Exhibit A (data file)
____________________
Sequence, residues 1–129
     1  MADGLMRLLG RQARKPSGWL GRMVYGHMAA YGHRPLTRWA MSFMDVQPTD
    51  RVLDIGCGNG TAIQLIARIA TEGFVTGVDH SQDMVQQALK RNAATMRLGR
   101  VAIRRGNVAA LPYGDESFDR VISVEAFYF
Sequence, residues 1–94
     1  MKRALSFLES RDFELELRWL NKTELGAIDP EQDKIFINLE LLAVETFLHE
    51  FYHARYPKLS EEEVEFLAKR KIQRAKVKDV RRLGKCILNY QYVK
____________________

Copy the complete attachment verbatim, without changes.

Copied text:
Sequence, residues 1–129
     1  MADGLMRLLG RQARKPSGWL GRMVYGHMAA YGHRPLTRWA MSFMDVQPTD
    51  RVLDIGCGNG TAIQLIARIA TEGFVTGVDH SQDMVQQALK RNAATMRLGR
   101  VAIRRGNVAA LPYGDESFDR VISVEAFYF
Sequence, residues 1–94
     1  MKRALSFLES RDFELELRWL NKTELGAIDP EQDKIFINLE LLAVETFLHE
    51  FYHARYPKLS EEEVEFLAKR KIQRAKVKDV RRLGKCILNY QYVK